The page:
One of the most difficult aspects to my Postpartum depression and anxiety were the negative comments. When someone would ask me how I could be so sad when I had a beautiful baby, my spirits would sink. My guilt would compound and I would berate myself.
But the thing is, I DID appreciate the baby I had, and I didn’t understand what was happening to me anymore than the person making the comment to me. The negative assessment and careless feedback on my mental illness at the time, sent me into a spiral that exacerbated my symptoms.
These negative comments, some well-meaning, some said out of frustration, others out of ignorance, and the ones we all know who have no filter, would upset me and leave me feeling judged, vulnerable, angry and in the end, I’d shut down.
It’s hard not to feel defensive when others shame you, even if that wasn’t their intent. How do we make someone understand? Should we even try? If they eventually do — or not — is not up to us. But standing up for ourselves can be an empowering act that leads to positive changes to how we handle these negative comments.
When I hear a negative comment, I begin by examining what emotion it is that is being triggered within me. Usually, I feel evaluated. I feel that I’m being seen as weak of character and “wimpy” when it comes to life. This isn’t accurate, I know, but that’s the visceral reaction that comes rising to the surface. Other emotions that can bubble up are:
feeling of being criticized
sad, hurt, defensive
adds to symptoms of distress
increase our bad mood
If we spend mental energy on caring what others think instead of nurturing ourselves back to health, we’ll fall back two spaces for every one step we move forward. I am sensitive by nature, and negative comments only intensify when I am in a period of depression. Negative social feedback increases my symptoms of depression and social anxiety.
So, how do we face negative comments? Is the answer to come back fighting?
In the past, I would stand silent and wounded. My depression holding my tongue and hearing the comments, leaving me even more voiceless. Today, I would meet these negative comments head on, without accepting the invitation to the boxing match. Begin by telling yourself this: We are not here to gain the approval of others. I’m in full recovery now, and can think straight. But for you, my fellow Warrior Moms, I have compiled some key responses you can keep in your back pocket. Please use them to remind yourself, that PPD AND PPA are not your choosing and none of your fault:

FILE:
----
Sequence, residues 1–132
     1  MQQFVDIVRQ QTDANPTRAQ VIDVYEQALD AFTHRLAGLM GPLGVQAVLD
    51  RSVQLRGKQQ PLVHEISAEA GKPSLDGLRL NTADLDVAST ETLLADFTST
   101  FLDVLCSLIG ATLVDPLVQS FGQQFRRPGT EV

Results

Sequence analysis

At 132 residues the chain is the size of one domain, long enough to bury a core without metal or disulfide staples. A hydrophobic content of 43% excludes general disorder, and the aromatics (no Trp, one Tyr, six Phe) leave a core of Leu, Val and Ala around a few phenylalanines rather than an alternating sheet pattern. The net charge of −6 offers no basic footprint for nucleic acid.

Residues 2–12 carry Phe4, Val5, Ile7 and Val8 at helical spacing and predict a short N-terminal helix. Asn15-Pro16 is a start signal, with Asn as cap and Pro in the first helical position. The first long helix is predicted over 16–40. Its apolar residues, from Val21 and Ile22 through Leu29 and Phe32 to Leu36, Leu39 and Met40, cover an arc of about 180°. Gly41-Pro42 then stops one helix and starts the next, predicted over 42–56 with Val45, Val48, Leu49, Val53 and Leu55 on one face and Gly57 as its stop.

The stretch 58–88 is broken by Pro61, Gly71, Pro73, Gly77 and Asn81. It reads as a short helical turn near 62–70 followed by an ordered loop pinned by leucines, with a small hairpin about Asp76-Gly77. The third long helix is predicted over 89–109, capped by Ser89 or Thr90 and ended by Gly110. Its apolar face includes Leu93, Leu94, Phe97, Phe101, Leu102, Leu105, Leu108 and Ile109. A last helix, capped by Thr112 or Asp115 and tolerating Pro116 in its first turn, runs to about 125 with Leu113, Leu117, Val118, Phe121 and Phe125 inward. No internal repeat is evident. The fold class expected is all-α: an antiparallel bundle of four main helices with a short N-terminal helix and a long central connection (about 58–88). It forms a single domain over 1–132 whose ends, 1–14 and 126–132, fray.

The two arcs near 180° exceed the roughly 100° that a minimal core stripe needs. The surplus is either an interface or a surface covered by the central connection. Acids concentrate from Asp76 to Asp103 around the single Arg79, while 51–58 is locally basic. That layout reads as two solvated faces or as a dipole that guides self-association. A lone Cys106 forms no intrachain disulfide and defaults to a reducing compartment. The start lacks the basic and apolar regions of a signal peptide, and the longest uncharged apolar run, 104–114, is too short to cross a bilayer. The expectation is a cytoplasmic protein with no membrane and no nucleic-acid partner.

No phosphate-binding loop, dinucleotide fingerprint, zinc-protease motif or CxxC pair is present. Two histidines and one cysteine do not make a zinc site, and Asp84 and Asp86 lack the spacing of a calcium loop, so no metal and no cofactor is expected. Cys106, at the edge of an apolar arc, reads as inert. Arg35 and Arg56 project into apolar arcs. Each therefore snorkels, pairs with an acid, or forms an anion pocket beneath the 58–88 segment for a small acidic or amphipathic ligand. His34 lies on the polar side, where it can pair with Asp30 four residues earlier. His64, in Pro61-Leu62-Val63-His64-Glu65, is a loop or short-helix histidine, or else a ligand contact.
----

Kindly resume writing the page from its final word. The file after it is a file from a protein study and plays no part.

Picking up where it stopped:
“I’m sure you don’t intend it that way, but your comment is making me feel worse about a situation that is already distressing to me.”
“Thank you for your input. My Doctor and I are hoping that with treatment, I’ll soon be in recovery.”
“I’m sad/anxious because I have PPD/PPA. That’s why I’m getting help.”
“I’m sure you mean well, and I appreciate your concern. I hope to feel better soon, too.”
“I’m sure it’s hard for you to understand. It is for me, too, but I’m doing my best.”
“I’d like to be open and honest with you. But right now, my mental health and recovery are my priority.”
“I really need support at this time. I’d love to explain the facts to you about Postpartum depression and anxiety, so that you can understand better.”
And last, but not least, you don’t have to listen or answer. Nowhere is it required that you provide someone with information simply because they ask for it. But you can address it, and walk away.
Maybe we won’t convince some people, but we can show them a better example. They may think twice about the energy they send out into the world, and next time mindfully choose one of light and positivity. The saying, “If you don’t have anything nice to say, then don’t say anything at all,” applies to not just children.
It’s not easy to let these comments go, and we don’t have to – but they don’t have to take us down, and we don’t have to retaliate. Lashing out in anger is easy, but depletes our energy and attention to getting better. Taking a deep breath, and breathing peace back in, is the smartest thing for us to do as we work toward our recovery.